In contrast to Cameron, Kathy Sullivan, who is notable for being the first person to travel both to space and the ocean’s deepest point, reported signs of life during her exploration in 2020.
Speaking with the Marine Technology Society, Sullivan described the ocean floor as: “The bottom was a pale skin tone color, covered with a thin layer of silt, but numerous small protrusions and indentations were noticeable. This suggests a lot of life, digging and foraging for food.” Recorded inhabitants of the Mariana Trench include:
- Anglerfish or Lanternfish: These deep-sea fish have a toothy jaw and a light-emitting organ, like a lantern, which they use to attract prey and for mating purposes.
- Sea Sponges: Living on the ocean bed, these organisms filter-feed and can be found even in the ocean’s deepest regions.
- Snails and Sea Butterflies: These mollusks form a symbiotic relationship with sulfur-eating bacteria found on the ocean floor.
- Vampyroteuthis infernalis: Known as the “Vampire Squid from Hell,” this creature resembles a mix between a squid and an octopus.
- Goblin Shark: These deep-sea creatures usually dwell between 250 and 1,300 meters, but some can reach depths beyond 1,300 meters, up to 2,743 meters. Found in temperate and tropical oceans worldwide, they are rarely seen and not well-studied.
- Fringed Shark: This species lives in the deep waters of the great oceans, often along continental shelves and submarine slopes. They are among the less known inhabitants of the world’s oceans, with ongoing research to learn more.
- Dumbo Octopuses: Found worldwide in various oceans, they often live in deep waters and can descend to depths of 3,000-4,000 meters, making them some of the deepest-dwelling sea creatures. Named for their large, ear-like fins that resemble the ears of Disney’s famous character Dumbo, these “ears” are actually fins that help the octopus swim.
- Barreleye Fish: Typically found at depths of 600-800 meters in the Pacific Ocean, these fish have large eyes and light-gathering abilities, crucial in the low-light conditions of deep waters. Their eyes are usually positioned to look upwards, aiding in observing overhead activities and capturing surface light to detect prey.
But these are just the recorded species.
What other types of creatures are believed to live in the Mariana Trench?
Due to the largely unexplored nature of the Mariana Trench’s depths, scientists speculate that unknown species may be found there. Some claim that massive and unknown marine creatures could inhabit the Mariana Trench.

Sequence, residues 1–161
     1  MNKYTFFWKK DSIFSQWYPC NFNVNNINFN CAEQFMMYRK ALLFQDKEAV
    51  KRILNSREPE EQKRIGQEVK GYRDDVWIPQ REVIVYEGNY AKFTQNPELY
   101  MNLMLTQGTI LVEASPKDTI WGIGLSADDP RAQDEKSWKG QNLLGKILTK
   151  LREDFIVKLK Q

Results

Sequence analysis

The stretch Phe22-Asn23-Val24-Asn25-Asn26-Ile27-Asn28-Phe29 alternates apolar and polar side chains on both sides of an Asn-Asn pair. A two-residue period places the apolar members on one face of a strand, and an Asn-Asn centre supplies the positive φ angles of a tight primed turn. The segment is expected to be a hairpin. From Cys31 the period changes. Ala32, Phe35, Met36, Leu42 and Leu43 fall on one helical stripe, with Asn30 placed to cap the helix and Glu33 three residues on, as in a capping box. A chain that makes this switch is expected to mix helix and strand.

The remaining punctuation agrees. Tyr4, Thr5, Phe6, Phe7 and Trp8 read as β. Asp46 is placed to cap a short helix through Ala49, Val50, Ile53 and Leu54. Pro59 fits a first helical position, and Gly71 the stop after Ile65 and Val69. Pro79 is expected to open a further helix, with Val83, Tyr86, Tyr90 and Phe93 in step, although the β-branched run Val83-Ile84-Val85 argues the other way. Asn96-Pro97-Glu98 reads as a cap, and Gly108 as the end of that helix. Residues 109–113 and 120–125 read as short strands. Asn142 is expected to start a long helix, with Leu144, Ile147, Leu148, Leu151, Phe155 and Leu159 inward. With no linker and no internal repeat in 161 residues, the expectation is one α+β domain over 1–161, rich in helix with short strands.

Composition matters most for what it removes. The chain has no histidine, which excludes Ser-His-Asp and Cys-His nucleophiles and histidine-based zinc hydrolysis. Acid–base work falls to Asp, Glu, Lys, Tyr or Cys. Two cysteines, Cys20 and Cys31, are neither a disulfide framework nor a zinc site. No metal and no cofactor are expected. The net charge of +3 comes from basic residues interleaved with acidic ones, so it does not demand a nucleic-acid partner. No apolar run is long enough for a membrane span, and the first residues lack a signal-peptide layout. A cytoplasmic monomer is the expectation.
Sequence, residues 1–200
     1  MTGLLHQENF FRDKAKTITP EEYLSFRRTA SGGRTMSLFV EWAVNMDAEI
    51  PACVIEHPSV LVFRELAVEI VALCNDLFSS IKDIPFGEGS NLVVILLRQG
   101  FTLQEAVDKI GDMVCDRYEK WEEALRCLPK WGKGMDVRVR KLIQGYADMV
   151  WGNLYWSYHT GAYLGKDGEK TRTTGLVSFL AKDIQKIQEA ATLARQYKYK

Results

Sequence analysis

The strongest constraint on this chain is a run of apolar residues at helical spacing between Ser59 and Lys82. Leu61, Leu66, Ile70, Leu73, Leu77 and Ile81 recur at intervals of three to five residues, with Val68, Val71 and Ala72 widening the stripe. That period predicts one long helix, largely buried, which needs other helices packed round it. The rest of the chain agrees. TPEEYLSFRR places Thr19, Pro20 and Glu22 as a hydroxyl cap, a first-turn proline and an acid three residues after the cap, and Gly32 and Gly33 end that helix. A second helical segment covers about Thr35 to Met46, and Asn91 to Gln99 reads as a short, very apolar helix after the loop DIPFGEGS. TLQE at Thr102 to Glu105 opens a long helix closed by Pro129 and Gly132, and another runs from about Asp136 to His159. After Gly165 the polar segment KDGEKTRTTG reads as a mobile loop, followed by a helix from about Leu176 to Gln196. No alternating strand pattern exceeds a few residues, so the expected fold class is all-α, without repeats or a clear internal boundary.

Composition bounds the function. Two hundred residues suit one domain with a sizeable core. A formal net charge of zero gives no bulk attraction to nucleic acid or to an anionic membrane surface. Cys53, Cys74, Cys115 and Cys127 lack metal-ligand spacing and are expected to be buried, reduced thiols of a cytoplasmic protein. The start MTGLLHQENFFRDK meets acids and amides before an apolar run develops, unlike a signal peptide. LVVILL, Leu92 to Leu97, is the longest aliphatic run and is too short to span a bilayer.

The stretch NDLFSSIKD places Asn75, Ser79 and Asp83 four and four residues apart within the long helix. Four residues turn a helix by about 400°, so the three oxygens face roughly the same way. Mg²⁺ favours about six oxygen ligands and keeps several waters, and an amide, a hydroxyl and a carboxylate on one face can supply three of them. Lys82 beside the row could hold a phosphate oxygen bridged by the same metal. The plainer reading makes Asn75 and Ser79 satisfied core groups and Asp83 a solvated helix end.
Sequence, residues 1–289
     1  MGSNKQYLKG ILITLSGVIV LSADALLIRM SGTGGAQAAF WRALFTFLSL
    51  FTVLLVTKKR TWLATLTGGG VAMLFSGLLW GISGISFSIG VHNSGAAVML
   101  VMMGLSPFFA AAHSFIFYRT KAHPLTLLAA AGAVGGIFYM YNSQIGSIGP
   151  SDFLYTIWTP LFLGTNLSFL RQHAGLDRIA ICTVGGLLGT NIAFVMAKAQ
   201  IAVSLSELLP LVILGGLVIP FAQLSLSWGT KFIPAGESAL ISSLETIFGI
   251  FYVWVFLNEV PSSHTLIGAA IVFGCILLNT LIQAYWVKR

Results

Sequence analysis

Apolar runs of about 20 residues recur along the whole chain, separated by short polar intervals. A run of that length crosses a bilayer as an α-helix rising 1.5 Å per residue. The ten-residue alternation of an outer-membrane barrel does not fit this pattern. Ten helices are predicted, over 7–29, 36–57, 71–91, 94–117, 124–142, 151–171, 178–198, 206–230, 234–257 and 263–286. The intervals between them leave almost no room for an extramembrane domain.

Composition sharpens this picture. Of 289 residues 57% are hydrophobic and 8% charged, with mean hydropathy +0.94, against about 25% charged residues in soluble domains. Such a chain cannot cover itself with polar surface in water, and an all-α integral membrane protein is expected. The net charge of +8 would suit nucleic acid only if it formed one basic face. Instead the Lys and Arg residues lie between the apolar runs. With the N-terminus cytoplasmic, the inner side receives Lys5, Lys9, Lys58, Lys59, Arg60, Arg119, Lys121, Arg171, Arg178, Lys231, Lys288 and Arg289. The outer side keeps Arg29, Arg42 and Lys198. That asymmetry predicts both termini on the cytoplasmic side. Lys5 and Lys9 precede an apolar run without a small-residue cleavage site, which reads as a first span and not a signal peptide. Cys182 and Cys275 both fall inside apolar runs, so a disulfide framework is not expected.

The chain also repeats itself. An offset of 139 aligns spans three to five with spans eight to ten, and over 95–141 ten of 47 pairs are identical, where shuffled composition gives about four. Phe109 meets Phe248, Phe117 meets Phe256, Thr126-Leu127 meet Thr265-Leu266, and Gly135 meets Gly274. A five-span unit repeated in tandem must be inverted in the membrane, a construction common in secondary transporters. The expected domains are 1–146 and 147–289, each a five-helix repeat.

- Megalodon: A massive shark species that lived approximately 3.6 to 23 million years ago. Known for its size and power, the Megalodon was likely one of the most formidable predators in the seas. Its extinction, around 3.6 million years ago, is thought to be due to climate changes, dwindling food sources, and competition. However, some believe that Megalodons could still exist in the unexplored depths of the oceans.
- Giant Squid: Many still believe that giant squids lurk in the depths of the oceans. These massive sea creatures have been the subject of numerous myths and legends and featured in stories by ancient sailors and pirates. Contrary to popular belief, their size could reach up to 30 meters, posing a threat even to boats.
To date, we haven’t encountered these giant creatures, but some believe, like the Megalodons, they hide in the unexplored, dark regions of the oceans.
This idea, while frightening and fantastic, is something adventurers hope to prove true. After all, the deepest parts of the oceans, like the Mariana Trench, continue to hold their mysteries and will likely remain a topic of fascination for a long time.
The First Person to Fall into the Mariana Trench: A Surprising Tale
Before concluding, let’s mention the first person who reportedly fell into the Mariana Trench – and surprisingly, he was Turkish.
In 2013, Cemil Çakır, a worker on a cargo ship traveling from Taiwan to Mexico, reportedly fell into the Mariana Trench in the Pacific Ocean, with a depth of 11,000 meters, the world’s deepest point. Unfortunately, no trace of Çakır was found during the search, and his family pleaded for information on his whereabouts.
The Özgür Aksoy Ship, owned by a Turkish company and transporting goods from Taiwan to Mexico, was sailing in the Pacific Ocean near Japan on October 21 when Cemil Çakır, a 26-year-old crew member, fell into the sea near the Mariana Trench. Nuri Çakır, his father, once stated: “I don’t know who informed me or how. I received a call, and they said, ‘Condolences.’ They’re trying to portray it as a suicide. But there’s no relation to suicide. We have no proof that he’s lost or dead. If he’s dead, we want his body; if he’s alive, we demand his return.”
As our journey of information and exploration concludes, it’s evident that places inaccessible or extremely difficult to reach reveal the mysteries and diversity of our world. From Area 51, guarded with high-security measures, to massive man-made underground complexes and the Mariana Trench, the deepest point on Earth, these places ignite our curiosity and desire for exploration.